Michael Duffy: We’ll have to leave it there but clearly things got a lot more complicated after 1989. Thanks very much to all of you for coming on the program.

Amen, Martin. But then I admired your 1997 Boyer Lectures too….

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4 thoughts on “Sick and tired of Pauline being sick and tired…

  1. Nice to see your “old Sydney Uni classmate” being quoted here – I know him reasonably well these days, and I’m sure he would be as disappointed in you, as I am, that you did not extend your quotation a mere couple of sentences:

    Those words reflected what the elite of the Federation generation saw as fundamental. They do not reflect what modern elites think. The public voices of modern elites are not humble. They conceive themselves to have entitlements and rights, not blessings.

    At least one of you absorbed something.

    • I think “Tory as” is a fair comment on the piece. I’m afraid I always am peeved by the “elites” moan that features in the addition you made; though I chose to ignore it in the post. When I was Jack’s (he was Jack then) classmate — and a nice guy he was to be sure — I was overawed rather by his height and even more by his elite background, my being just a poor scholarship boy from The Shire and the first in my family to go to Uni. I was also a member of the Evangelical Union — Jack wasn’t — and went on to a period of convinced Calvinism. I was even presented with a copy of Calvin’s Institutes for my 21st birthday by fellow Elders of Sutherland Presbyterian Church. Sometime around 61-2 we read large chunks of Edward Gibbon, including the famous Chapter 15 on Christianity. It took a while for its Enlightenment message to get through to me — years in fact, While that has its faults, it remains a great representative of the kind of Western thought Jack glosses over in that lecture, where his account of Christianity, with which I do not entirely disagree, is however remarkably utopian or tendentious. It is a stretch to see St Paul as a forerunner of later Western liberalism and democracy.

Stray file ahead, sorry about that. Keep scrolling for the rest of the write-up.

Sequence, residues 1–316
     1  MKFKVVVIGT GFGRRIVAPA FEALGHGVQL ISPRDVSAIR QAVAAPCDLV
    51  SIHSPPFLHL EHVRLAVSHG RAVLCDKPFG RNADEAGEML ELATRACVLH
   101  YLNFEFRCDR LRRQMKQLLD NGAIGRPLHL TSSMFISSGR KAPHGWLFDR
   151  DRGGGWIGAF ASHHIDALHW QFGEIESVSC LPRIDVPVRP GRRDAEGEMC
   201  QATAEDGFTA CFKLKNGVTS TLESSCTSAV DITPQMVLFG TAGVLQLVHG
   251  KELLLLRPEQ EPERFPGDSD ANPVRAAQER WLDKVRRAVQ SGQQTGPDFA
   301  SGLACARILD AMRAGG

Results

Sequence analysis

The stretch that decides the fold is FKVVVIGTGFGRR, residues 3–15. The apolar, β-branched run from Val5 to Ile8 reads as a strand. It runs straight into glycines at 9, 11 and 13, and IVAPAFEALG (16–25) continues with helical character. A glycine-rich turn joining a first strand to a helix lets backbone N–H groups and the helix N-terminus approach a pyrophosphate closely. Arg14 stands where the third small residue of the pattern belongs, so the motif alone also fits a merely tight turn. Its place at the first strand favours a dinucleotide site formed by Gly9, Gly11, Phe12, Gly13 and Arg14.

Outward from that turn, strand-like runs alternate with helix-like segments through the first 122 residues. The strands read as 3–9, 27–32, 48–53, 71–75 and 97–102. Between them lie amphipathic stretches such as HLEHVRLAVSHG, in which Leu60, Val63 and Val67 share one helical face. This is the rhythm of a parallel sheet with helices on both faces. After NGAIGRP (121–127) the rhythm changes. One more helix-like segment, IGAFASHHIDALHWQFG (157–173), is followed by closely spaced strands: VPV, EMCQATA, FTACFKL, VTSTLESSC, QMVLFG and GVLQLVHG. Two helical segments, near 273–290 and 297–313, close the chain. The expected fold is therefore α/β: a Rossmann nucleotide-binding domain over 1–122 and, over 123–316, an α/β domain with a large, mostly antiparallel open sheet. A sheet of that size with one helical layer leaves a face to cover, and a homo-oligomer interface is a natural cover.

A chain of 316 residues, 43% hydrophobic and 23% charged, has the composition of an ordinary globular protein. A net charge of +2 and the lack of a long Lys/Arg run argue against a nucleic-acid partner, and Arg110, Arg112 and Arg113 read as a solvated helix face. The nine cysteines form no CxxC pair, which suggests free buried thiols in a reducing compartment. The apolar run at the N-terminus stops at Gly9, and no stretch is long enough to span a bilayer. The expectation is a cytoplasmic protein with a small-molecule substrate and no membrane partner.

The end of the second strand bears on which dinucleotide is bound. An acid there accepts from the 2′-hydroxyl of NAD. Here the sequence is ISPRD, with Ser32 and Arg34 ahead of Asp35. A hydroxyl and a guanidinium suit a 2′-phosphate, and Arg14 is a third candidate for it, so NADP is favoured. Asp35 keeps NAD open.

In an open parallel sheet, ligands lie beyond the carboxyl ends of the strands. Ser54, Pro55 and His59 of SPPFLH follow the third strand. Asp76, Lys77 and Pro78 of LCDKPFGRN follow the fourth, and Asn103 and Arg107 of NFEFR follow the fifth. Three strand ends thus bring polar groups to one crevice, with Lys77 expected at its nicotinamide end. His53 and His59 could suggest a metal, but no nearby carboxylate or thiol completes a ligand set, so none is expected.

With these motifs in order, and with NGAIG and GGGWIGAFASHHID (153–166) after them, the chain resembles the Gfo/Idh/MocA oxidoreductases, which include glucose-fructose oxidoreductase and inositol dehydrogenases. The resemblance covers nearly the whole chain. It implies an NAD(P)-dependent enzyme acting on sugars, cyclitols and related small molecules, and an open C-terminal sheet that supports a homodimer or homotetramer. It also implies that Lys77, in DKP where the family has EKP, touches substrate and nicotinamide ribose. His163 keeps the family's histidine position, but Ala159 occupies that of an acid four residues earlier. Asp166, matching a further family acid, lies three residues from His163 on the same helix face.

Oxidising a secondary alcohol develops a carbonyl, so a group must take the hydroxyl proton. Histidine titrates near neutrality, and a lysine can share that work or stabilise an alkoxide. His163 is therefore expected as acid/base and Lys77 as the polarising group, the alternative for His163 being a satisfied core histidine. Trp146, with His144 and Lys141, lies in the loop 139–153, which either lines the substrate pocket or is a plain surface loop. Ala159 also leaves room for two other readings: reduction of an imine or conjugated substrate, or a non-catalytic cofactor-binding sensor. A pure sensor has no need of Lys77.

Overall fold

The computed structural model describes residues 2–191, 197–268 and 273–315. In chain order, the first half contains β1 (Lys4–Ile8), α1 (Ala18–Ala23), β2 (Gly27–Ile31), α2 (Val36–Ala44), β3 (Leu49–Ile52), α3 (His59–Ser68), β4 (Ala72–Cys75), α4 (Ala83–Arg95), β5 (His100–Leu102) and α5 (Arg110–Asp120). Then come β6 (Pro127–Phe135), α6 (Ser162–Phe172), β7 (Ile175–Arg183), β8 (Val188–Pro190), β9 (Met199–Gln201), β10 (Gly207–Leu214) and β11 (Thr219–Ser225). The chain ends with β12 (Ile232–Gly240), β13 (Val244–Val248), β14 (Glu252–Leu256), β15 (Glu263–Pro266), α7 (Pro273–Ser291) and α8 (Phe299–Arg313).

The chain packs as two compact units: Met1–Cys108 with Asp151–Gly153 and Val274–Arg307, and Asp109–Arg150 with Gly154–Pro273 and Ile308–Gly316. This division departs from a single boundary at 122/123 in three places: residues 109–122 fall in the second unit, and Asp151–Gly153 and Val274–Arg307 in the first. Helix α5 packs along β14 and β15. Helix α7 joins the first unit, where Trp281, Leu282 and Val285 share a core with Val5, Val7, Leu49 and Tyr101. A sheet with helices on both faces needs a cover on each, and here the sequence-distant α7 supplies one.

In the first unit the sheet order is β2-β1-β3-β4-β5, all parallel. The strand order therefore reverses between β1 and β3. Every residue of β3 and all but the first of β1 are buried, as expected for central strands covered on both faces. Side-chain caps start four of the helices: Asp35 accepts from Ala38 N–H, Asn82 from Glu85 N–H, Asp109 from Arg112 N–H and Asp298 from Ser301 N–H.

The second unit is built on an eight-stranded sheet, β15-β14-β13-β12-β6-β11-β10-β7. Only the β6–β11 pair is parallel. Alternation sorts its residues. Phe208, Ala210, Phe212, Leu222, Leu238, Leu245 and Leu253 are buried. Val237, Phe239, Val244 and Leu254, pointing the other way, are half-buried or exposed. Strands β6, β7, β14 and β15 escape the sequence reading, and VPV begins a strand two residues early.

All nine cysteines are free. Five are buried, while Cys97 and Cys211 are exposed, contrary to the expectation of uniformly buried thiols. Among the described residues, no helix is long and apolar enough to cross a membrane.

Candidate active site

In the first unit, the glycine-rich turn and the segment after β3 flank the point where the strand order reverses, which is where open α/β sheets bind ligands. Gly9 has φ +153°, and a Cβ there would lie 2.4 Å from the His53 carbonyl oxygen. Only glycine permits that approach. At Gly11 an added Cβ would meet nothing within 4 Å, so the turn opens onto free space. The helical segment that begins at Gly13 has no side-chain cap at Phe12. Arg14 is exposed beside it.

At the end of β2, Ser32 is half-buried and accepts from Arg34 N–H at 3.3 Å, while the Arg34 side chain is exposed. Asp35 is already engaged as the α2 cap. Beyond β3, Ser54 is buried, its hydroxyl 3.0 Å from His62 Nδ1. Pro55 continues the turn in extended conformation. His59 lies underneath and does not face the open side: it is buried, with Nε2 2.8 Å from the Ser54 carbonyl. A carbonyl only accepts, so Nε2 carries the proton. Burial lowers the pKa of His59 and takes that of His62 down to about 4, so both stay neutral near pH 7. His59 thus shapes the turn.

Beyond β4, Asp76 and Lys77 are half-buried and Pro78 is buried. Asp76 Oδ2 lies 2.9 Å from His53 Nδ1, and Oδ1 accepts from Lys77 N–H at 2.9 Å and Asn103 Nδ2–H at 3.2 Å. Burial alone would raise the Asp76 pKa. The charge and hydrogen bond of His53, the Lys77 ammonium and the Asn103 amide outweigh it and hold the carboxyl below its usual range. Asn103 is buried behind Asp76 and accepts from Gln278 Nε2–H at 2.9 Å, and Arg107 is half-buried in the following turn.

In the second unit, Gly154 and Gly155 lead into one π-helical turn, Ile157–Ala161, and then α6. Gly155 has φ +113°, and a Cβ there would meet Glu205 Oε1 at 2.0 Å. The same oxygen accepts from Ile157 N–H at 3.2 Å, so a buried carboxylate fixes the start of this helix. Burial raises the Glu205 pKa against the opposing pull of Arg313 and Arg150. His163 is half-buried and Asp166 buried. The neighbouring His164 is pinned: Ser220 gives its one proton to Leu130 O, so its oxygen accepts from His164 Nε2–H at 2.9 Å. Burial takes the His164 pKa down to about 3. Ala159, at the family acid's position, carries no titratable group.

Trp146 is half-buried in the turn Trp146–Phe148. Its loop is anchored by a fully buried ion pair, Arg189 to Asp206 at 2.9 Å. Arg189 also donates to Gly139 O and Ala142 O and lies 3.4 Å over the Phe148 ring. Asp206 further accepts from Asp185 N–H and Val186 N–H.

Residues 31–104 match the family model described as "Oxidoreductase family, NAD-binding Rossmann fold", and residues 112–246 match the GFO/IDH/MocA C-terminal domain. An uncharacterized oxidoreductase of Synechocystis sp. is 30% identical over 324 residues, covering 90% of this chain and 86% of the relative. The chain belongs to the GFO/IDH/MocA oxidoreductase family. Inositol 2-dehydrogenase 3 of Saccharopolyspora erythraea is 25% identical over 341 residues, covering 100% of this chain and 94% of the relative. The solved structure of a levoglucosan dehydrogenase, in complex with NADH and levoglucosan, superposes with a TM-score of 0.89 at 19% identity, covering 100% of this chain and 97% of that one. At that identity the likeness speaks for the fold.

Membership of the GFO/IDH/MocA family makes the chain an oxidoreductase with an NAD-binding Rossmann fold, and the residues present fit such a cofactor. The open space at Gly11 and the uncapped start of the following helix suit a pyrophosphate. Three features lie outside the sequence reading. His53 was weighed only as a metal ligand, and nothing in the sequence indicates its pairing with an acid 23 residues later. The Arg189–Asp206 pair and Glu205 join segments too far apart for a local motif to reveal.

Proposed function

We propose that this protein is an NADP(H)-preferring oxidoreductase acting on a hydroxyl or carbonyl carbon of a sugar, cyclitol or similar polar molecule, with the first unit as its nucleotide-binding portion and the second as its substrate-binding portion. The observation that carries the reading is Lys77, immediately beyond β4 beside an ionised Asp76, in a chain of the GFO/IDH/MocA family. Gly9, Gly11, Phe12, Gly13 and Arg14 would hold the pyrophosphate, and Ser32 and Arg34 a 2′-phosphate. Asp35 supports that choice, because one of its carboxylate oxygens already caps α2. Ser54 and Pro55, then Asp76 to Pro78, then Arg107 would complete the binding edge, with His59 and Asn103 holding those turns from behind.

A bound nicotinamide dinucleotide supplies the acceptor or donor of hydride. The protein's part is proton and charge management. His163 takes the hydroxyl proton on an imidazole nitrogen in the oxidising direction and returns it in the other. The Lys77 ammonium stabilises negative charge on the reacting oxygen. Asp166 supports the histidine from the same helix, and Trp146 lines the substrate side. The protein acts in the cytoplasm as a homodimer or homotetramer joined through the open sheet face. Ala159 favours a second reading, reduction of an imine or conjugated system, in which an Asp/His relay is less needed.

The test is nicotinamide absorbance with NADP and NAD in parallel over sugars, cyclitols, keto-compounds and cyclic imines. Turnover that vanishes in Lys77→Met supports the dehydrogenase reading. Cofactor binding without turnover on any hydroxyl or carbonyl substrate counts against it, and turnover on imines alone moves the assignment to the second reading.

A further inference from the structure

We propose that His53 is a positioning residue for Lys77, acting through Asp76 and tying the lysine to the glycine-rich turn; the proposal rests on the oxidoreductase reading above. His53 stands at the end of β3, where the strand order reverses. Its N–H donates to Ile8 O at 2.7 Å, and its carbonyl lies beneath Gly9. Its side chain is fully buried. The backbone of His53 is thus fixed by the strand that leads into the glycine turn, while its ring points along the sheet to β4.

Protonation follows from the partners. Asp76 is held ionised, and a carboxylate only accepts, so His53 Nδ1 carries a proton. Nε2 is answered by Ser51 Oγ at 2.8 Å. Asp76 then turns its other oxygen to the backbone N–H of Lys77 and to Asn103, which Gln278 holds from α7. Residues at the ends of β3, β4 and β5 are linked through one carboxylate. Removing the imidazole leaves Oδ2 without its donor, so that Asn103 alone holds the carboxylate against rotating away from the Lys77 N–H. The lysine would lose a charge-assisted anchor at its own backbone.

I think both DH and I have absorbed quite a lot of what we sat through at Sydney Uni in 1961-2; indeed he went on in 1964 to First Class Honours and the University Medal in History. I did Honours English that year but learned what in retrospect was quite a lot of nonsense from Sam Goldberg — though he was inspiring — and the Leavisites. Oh, in 62 I did come first in Asian History. But of course no Rhodes Scholarship or ultimately becoming a Justice of the High Court.

      My purpose in this post was not to review Heydon’s lecture; however, I was intrigued by the fact that a late 19th century purely conventional citation of God in our Constitution contrasts with what one always thought must be in the US founding documents. I don’t think any construction about “modern elites” can be made from the bit I quoted. Looking at the US example though one may well come to conclusions about the Enlightenment and Deism among American elites at the time of the American Revolution.

  2. Oh, Kvd, why should Neil quote the entirety of Heydon’s piece? Or even the sentences you choose?

    After all, as Heydon goes on to imply, belief in blessings goes with belief in God. Come to think it is the very next sentence, which you don’t quote.

    Neil probably has that (albeit in a South Sydney Uniting Church kind of way). Must the rest of us?

    Neil, you did not need to part with any part of your pension to read ‘umble Dyson’s observations. That particular essay is (now at least) available for free online, and there’s always the library! Maybe you were just winding your [Facebook so ” “] friends up?

    Meanwhile, kvd, your slapdown of Neil as not having absorbed anything in DH’s and Neil’s shared classes circa 1961 seems not so different from the “elites” intolerance DH so decries in his Jeremiad, which so sportively ranges across chosen patches of history (Antioch, the Girondists, Nazi Germany, Israel and people not giving up their seats on trains) in a vein which surely you cannot deny is “Tory as.”

  3. Pingback: One thing leads to another … treasure! | Neil's Commonplace Book